"We need massive investment in energy, transport and urban infrastructure to be able to support a high rate of economic growth," Singh told the US Chamber of Commerce and the US-India Business Council luncheon.

Singh said he and Obama would sign accords on energy security, clean energy and climate change to deepen co-operation underpinned by strong economic ties.

"Pakistan has nothing to fear from India. It's a tragedy that Pakistan has come to the point of using terror as an instrument of state policy"

Manmohan Singh,
India's prime minister

India and the US have been at sharp odds on climate change ahead of next month's climate summit in Copenhagen, with each country seeking further commitments by the other.

Commenting on the state visit, Robert Gibbs, the White House press secretary, said India's location in a very important region of the world "demonstrates the importance that that relationship has in the world".

The US sees India as crucial to the US-led fight against the Taliban in Afghanistan and Pakistan, as a counterweight to China's influence in the region and as key to efforts to settle world trade and climate change deals.

But some in New Delhi feel that Obama has given priority to some of India's rivals, particularly in funding the Pakistan's military in its fight against Taliban loyalists in the country's northwest.

State-backed 'terror'

Speaking to The Washington Post and Newsweek ahead of his arrival, Singh said it was important for US forces to remain in Afghanistan and called on Obama to press Pakistan to rein in what it called a "state policy" of terror.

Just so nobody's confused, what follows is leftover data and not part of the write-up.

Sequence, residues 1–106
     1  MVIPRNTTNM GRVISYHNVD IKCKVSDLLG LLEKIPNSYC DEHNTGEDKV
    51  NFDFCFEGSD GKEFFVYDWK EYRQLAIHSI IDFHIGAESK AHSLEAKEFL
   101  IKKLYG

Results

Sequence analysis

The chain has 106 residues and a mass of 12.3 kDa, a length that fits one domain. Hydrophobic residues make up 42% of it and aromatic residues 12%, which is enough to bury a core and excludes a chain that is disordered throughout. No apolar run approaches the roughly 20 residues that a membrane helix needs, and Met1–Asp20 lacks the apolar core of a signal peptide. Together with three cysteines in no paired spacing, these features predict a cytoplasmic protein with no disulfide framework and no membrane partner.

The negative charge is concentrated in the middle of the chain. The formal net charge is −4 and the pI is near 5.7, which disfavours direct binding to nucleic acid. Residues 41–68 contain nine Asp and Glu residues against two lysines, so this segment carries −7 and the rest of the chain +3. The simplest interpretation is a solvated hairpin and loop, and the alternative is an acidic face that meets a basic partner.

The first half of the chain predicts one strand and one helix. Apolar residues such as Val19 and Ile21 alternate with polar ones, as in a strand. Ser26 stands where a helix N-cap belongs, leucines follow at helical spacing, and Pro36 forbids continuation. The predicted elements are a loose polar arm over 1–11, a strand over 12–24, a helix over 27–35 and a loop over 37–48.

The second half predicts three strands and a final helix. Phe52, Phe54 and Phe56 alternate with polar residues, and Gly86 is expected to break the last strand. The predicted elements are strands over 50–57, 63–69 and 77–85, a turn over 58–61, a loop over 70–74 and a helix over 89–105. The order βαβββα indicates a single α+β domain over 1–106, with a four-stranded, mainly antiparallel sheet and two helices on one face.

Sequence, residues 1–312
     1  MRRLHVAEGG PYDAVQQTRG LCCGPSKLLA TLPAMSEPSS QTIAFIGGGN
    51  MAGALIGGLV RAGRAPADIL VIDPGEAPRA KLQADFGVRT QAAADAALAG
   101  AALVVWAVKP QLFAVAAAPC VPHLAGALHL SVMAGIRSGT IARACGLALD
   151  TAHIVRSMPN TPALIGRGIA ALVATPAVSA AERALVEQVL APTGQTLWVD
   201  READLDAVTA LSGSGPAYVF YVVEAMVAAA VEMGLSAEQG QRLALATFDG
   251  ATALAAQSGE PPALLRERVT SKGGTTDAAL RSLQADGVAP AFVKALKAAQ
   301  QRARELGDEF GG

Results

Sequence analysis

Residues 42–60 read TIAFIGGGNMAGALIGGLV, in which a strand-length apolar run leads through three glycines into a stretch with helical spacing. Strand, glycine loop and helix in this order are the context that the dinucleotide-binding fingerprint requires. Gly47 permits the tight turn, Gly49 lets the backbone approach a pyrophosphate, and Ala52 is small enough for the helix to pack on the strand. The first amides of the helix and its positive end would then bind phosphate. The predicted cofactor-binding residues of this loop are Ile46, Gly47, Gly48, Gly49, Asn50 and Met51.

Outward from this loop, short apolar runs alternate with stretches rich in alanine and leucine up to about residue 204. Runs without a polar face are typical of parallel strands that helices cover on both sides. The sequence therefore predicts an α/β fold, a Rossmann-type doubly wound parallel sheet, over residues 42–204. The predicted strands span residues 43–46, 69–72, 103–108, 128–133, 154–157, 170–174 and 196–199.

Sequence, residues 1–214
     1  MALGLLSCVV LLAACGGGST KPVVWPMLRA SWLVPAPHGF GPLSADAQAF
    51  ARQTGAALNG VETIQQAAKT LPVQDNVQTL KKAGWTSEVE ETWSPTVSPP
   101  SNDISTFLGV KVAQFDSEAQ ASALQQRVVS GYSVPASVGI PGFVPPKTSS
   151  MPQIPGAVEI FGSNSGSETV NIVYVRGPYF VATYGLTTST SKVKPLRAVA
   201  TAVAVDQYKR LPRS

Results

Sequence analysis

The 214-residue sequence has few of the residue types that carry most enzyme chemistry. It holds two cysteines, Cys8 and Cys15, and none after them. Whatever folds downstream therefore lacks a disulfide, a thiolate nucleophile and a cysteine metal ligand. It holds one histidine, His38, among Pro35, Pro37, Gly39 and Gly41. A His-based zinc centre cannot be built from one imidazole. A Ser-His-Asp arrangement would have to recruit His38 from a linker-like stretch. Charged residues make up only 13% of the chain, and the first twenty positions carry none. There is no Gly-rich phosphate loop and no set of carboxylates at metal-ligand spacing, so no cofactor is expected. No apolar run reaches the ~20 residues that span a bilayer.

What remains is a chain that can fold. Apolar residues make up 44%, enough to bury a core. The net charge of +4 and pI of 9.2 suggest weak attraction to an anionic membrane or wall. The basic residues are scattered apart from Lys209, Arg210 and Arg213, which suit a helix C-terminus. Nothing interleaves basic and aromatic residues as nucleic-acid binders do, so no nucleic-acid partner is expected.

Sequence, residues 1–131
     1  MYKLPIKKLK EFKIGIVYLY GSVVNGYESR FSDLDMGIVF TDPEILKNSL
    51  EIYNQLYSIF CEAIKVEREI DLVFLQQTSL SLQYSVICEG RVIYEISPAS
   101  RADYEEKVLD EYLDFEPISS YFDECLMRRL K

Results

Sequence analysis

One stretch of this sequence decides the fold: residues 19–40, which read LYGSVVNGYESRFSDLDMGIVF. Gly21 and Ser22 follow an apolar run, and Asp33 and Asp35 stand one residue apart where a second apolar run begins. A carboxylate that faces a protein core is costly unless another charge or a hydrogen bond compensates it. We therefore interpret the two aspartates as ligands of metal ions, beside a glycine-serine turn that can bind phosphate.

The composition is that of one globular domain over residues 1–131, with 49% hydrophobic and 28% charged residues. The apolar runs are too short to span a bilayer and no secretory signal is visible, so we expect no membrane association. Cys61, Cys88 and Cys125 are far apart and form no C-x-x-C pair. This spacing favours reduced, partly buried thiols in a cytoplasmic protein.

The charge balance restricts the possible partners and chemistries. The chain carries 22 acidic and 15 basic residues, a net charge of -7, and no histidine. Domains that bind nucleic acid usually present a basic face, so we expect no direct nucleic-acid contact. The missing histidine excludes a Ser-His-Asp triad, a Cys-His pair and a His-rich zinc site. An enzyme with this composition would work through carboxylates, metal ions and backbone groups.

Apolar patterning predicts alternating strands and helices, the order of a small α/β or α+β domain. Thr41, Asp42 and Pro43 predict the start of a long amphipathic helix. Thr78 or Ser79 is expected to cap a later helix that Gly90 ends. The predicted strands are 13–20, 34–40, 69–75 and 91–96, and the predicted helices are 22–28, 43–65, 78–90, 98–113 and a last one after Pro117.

Manmohan Singh, left, is scheduled to meet Obama on Tuesday [GALLO/GETTY]
"We have been the victims of Pakistan-aided, abetted and inspired terrorism for nearly 25 years. We would like the United States to use all its influence with Pakistan to desist from that path," he said in the interview.

"Pakistan has nothing to fear from India. It's a tragedy that Pakistan has come to the point of using terror as an instrument of state policy."

While Pakistan has acknowledged that armed groups have operated from its soil, it denies they are acting on behalf of the state.

Singh said he hoped Obama would complete an accord championed by George Bush, the former US president, to end India's decades-long pariah status on civilian nuclear energy markets.

Both houses of the US congress have approved resolutions welcoming Singh and calling for greater co-operation with India.

The unanimity symbolised a change from just a few years ago, when some legislators fought the nuclear deal because of India's refusal to sign the Non-Proliferation Treaty.